This system allowed us to monitor synaptic transmission in the same neuron before and after selective Thr-induced cleavage of NLG1. Recordings from neurons expressing GFP-NLG1 lacking a Thr cleavage site were used to control for possible off-target effects of Thr activity. We first examined the effect of NLG1 cleavage on miniature excitatory postsynaptic currents (mEPSCs; Figure 6A).
Application of Thr for 30 min reduced mEPSC frequency (44% ± 10% of baseline; Figures 6B and S6A) with no significant effect on amplitude (91% ± 8% of baseline; Figures 6C and S6A), indicating that NLG1 ectodomain cleavage does not change postsynaptic AMPA receptor number or function, but rather reduces neurotransmitter release or decreases the number of functional excitatory synapses. By contrast, Thr had no effect on mEPSCs in neurons expressing GFP-NLG1 (mEPSC frequency, 100% ± GDC-0068 chemical structure 3% of baseline; amplitude, 102% ± 4% of baseline; Figures 6A–6C and S6B). Importantly, there was no difference in baseline mEPSCs between neurons expressing GFP-NLG1 (frequency: 1.74 ± 0.44 s−1; amplitude: 11.66 ± 1.70 pA) and GFP-Thr-NLG1 (frequency: 2.00 ± 0.36 s−1; amplitude: 10.74 ± 0.61 pA). Consistent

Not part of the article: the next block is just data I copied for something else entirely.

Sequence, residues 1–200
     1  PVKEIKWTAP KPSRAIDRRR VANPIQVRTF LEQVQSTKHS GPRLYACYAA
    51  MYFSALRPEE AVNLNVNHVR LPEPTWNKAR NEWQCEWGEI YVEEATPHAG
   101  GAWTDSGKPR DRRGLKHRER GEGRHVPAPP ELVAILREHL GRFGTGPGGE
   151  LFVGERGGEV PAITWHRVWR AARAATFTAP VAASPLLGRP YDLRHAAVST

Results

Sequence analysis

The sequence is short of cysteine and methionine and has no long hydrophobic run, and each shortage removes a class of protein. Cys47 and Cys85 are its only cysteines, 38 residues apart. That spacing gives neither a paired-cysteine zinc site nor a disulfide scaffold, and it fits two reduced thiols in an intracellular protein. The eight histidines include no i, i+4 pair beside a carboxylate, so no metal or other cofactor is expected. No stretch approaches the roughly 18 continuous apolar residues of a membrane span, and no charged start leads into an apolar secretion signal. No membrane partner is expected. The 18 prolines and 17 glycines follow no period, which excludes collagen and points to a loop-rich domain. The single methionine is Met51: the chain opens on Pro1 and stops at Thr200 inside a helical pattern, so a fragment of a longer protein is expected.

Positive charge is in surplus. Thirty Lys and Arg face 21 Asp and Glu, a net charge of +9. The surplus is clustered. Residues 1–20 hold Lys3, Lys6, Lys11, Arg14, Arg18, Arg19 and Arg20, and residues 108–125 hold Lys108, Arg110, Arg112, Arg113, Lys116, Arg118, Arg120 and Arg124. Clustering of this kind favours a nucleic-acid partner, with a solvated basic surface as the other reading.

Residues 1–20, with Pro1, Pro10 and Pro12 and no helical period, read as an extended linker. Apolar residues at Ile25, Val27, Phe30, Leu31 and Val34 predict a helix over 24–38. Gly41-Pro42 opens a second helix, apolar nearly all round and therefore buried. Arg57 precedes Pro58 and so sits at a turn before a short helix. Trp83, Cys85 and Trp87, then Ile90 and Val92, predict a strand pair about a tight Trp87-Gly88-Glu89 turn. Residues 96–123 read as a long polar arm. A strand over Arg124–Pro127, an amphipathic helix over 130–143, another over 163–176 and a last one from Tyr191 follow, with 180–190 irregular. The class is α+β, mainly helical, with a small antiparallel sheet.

with the predominant localization of NLG1 to glutamatergic synapses (Chubykin et al., 2007; Graf et al., 2004), NLG1 cleavage failed to alter miniature inhibitory postsynaptic current (mIPSC) frequency MycoClean Mycoplasma Removal Kit or amplitude (mIPSC frequency: this website 103 ± 3%; mIPSC amplitude: 98% ± 8% of baseline; Figures S6C–S6F), indicating that NLG1 cleavage does not acutely alter GABAergic transmission. The reduction in mEPSC frequency (Figures 6A, 6B, and S6A) together with the destabilization of NRX1β (Figures 5C–5G) suggested a possible alteration in presynaptic function. To test this further, we examined the effects of Thr-induced NLG1 cleavage on evoked excitatory synaptic currents (eEPSCs) and their paired-pulse responses.
Evoked responses were elicited by stimulating nearby cells with an interstimulus interval of 100 ms. Neurons expressing GFP-NLG1 or GFP-Thr-NLG1 exhibited similar baseline paired-pulse ratio (PPR) responses (GFP-NLG1: 1.42 ± 0.12; GFP-Thr-NLG1: 1.59 ± 0.46). Recordings were then made on the same cell before and 30 min after thrombin application. Thrombin treatment of neurons expressing GFP-Thr-NLG1 reduced the amplitude of the first response and increased PPR (eEPSC amplitude: 50% ± 18% of baseline; PPR: 139% ± 8% of baseline; Figures 6D–6F), strongly suggesting that NLG1 cleavage decreases the probability of neurotransmitter release. This effect was not attributable to Thr treatment per se, as there was no change in eEPSC amplitude or PPR in neurons expressing GFP-NLG1 lacking a Thr cleavage sequence (eEPSC amplitude: 95% ± 8% of baseline; PPR: 106% ± 6% of baseline; Figures 6D–6F).